Paracil

Paracil Overdosage

paracetamol

Manufacturer:

SM Pharmaceuticals

Distributor:

SM Pharmaceuticals
Full Prescribing Info
Overdosage
Symptoms and treatment for overdosage and antidote(s): 650 mg tab: Symptoms of paracetamol overdosage sometimes occur 6 to 14 hours after ingestion and persist for 24 hours. Diarrhoea, pallor, nausea, vomiting, anorexia (loss of appetite), abdominal pain and unusual increased sweating.
Liver damage may become apparent 12 to 48 hours after ingestion. Abnormalities of glucose metabolism and metabolic acidosis may occur. In severe poisoning, hepatic failure may progress to encephalopathy, coma and death. Acute renal failure with acute tubular necrosis may develop even in the absence of severe liver damage. Cardiac arrhythmias have been reported.
Prompt treatment is essential in the management of paracetamol overdosage. Any patient who has ingested about 7.5 g more of paracetamol in the preceding 4 hours should undergo gastric lavage. The plasma or serum-paracetamol concentration should be determined as soon as possible, but no sooner than 4 hours after ingestion. Generally treatment is required if the paracetamol concentration is higher than a line (the 200 line) drawn on semi -log/linear paper joining the points 200 mg per litre (1.32 mmol per litre) at 4 hours and 30 mg per litre (0.20 mmol per litre) at 15 hours. Acetylcysteine is given either intravenously or by mouth and tends to be preferred to methionine, which is given by mouth.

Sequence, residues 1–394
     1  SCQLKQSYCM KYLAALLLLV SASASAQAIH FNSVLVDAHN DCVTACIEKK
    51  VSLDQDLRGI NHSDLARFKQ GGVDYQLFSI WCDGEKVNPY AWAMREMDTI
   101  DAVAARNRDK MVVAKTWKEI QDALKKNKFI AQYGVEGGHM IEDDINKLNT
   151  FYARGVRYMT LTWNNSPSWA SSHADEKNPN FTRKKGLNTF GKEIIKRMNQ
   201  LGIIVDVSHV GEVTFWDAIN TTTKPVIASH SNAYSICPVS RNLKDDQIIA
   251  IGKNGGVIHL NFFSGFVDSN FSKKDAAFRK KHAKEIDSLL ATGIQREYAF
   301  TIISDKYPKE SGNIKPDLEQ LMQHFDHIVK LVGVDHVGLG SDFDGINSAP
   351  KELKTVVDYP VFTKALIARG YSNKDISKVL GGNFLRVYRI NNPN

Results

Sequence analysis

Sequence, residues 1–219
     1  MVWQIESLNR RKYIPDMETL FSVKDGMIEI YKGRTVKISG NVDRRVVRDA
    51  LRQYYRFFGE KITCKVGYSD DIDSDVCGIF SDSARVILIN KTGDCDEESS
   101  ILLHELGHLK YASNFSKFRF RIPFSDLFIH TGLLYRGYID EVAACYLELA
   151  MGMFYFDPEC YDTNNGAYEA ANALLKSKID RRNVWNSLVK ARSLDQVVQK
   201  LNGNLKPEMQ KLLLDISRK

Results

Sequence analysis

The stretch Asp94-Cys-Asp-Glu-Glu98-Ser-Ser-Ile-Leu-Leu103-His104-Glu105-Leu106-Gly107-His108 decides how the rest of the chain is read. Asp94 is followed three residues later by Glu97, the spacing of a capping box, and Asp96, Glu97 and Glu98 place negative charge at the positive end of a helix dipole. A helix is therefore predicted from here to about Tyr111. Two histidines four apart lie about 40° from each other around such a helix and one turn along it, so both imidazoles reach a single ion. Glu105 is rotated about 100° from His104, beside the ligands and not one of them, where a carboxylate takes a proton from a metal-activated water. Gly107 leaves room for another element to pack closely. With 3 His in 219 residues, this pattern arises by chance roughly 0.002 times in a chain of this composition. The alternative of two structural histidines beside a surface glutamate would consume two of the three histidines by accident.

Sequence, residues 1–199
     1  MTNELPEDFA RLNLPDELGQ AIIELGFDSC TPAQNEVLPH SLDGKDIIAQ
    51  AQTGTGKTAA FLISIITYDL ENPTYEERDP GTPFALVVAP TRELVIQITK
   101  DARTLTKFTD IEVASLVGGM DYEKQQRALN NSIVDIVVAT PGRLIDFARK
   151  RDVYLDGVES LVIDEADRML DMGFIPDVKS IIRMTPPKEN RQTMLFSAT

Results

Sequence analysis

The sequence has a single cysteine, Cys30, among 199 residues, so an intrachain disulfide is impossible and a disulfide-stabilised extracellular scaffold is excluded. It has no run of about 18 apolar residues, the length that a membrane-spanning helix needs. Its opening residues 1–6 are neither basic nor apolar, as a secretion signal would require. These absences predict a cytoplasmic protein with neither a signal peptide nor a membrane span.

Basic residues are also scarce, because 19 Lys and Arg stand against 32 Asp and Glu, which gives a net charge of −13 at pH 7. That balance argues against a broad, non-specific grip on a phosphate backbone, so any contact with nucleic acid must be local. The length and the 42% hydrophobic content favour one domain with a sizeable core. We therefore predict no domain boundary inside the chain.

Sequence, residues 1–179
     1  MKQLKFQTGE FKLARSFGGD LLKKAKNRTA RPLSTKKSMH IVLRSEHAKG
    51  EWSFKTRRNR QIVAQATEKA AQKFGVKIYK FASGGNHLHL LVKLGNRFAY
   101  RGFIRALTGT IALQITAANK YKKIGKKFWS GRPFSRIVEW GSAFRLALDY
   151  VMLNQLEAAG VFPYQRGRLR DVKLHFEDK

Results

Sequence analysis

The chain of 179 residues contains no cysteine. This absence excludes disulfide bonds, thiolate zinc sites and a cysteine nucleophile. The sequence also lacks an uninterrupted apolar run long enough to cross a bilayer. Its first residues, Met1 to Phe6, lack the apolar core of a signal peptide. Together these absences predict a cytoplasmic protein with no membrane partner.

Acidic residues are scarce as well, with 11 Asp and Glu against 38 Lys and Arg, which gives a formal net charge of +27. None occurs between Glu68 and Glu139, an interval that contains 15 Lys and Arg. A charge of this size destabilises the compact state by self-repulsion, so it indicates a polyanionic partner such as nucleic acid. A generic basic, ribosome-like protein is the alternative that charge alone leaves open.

500 mg tab & oral susp: Empty stomach via induction of an emesis or gastric lavage. Activated charcoal may interfere with absorption of orally administered acetylcysteine (antidote used to protect against acetaminophen induced hepatotoxicity) and decrease its efficacy. Although activated charcoal is recommended if ingestion of other substances in addition to acetaminophen is confirmed or suspected, its removal by gastric lavage may be advisable before the antidote is given.
Register or sign in to continue
Asia's one-stop resource for medical news, clinical reference and education
Sign up for free
Already a member? Sign in